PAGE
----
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Jul/Aug 2015 Reviews & Interviews

The Paradox of Belongingness in the Short Fiction of Miranda July

No One Belongs Here More Than You
Miranda July.
Scribners. 2008. 205 pp.
ISBN 978-0743299411.

Review by Cameron Murphy


Buy now from Amazon! Vital, cool writer-slash-director-slash-multimedia artist-slash-God-knows-what-else-she-can-do Miranda July's recent collection of short stories, No One Belongs Here More than You, is a slim, quirky and cool yet also layered and very vital piece of work indeed. Its title is not insignificant. That is, one gets the sense that July's deepest concern as an artist (and, presumably, as a human too) is loneliness. Or rather, Belongingness. Theoretically: the unbridgeable gap between Self & Other. Simply: love. More pressingly: whether or not it's possible. And crucially: what do we do when it isn't?

Reading Miranda July is at least a good start.

Admittedly, I was only vaguely familiar with July's work before opening No One's front cover. Though I haven't checked out her films or performance art yet, I'm pretty aware of her—ahem—aesthetic. What do I mean? Well, there are plenty of ways to describe it. It represents a broad brand of contemporary (i.e. post-internet) art that is cute and light and soliciting "likes" and either too sentimental or too ironic or too much of both at once; some people call it "twee." Wes Anderson and Belle & Sebastian are canon. Like porn or junk food or sadness, it's impossible to define, but you know what it is when you see it.

Anyway July's work—at least the at issue collection—I submit is not "twee" exactly but rather is rather urgent, and important, and, to use an already overused word in fiction reviews, occasionally fucking devastating.

For example. Recurrent are characters that fantasize wildly about connecting with other people (romantically, sexually, platonically or fleetingly) yet, over and over again, remain unconnected. Unloved. Alone. In other words they do not Belong. And yet, as July posits, no one belongs, right where there they are, more than they do.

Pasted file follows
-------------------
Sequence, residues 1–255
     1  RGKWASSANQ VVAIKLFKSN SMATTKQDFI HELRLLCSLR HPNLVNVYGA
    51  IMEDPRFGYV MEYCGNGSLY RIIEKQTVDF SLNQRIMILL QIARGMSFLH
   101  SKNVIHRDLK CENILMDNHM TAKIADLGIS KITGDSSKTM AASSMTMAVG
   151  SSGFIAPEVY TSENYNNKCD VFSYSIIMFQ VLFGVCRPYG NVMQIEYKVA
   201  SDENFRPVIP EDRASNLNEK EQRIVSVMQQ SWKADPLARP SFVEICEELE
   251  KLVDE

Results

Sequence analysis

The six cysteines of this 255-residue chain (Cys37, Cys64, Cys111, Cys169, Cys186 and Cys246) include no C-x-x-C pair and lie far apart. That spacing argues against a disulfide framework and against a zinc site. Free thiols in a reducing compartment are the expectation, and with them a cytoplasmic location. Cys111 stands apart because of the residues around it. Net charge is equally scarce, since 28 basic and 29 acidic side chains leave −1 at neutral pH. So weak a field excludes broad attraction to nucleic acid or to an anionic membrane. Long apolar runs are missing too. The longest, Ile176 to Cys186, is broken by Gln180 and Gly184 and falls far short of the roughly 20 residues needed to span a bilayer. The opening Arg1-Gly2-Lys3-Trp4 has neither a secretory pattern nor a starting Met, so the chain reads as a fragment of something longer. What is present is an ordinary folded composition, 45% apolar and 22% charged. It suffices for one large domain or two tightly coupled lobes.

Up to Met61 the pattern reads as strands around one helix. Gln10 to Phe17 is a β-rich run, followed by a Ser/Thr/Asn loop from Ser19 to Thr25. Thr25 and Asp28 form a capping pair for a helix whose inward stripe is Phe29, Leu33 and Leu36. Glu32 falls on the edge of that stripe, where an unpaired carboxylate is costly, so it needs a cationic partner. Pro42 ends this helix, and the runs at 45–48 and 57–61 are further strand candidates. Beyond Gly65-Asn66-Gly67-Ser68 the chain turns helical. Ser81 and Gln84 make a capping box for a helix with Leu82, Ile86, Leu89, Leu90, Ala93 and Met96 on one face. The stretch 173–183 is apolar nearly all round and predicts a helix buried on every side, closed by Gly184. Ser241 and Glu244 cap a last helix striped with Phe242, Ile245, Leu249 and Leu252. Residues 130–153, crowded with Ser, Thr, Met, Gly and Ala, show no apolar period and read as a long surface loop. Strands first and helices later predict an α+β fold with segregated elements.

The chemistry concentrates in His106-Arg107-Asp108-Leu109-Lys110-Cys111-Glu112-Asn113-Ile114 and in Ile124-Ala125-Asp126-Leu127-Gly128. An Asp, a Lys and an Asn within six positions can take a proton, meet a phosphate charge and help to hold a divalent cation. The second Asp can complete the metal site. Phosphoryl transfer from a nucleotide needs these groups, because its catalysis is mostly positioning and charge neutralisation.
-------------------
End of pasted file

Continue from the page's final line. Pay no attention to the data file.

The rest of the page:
A typical story in No One consists of discursive, quirky 1st person. Her prose is slight but lucid and potent. Replete with lines surely some well-read teen is appropriating for their Tumblr as I type it here too:

"We fell into silence then; he did not ask me any more questions. I was still happy to sit there beside him, but that is only because I have very, very low expectations of most people, and he had now become Most People."

Ouch.

That's from the opening story, "The Shared Patio," in which the quirkily discursive 1st person narration narrates the narrator's fantastical and secret yearning to be loved. By her neighbor. With whom she shares the eponymous patio. She wants to belong.

Prefiguring much of what's to come, the story ends on a melancholy note wherein an unknown, omniscient other narrator (more or less July) more or less submits the thesis statement of No One Belongs Here More than You:

Do you have doubts about life? Are you sure if it is worth the trouble? Look at the sky: that is for you. Look at each person's face as you pass on the street: those faces are for you... Remember this when you wake up in the morning and think you having nothing. Stand up and face the east. Now praise the sky and praise the light within each person under the sky. It's okay to be unsure. But praise, praise, praise.

Another one, "Majesty," sees its narrator quixotically pining for Prince William. It is a sad story because it is everyone's.

Following it is "The Man on the Stairs," which is about among many things a strange man, on the stairs, confronting a woman in her home. With metaphor and symbolism so stark as to be almost crude. However, after the blunt climax (she tells him to Get out of my house) we are treated to a much more realistic, and thus unsettling conclusion, on a normal car ride, with her normal husband:

I steeled myself against laughter; I would rather die than laugh. I didn't laugh, I did not laugh. But I died, I did die.

It's actually the quiet moments that kill us, July knows.

Another motif used liberally in No One is the odd, humiliating sexual encounter. A secretary makes rash advances on her boss's wife in "Ten True Things." A failed writer falls for her special-needs high school student in "Making Love in 2003." Both morally murky, both touching.

Likewise, in "The Sister," a man offers his coworker his nubile teen sister, when, in fact, she's a fake; a ploy to lure the friend into a relationship with him. A mere old man. In an unexpected moment of uplift, it works: "The new life came easily after this, a growl," says the fooled man, fitting himself to love's strange mold. It's touching.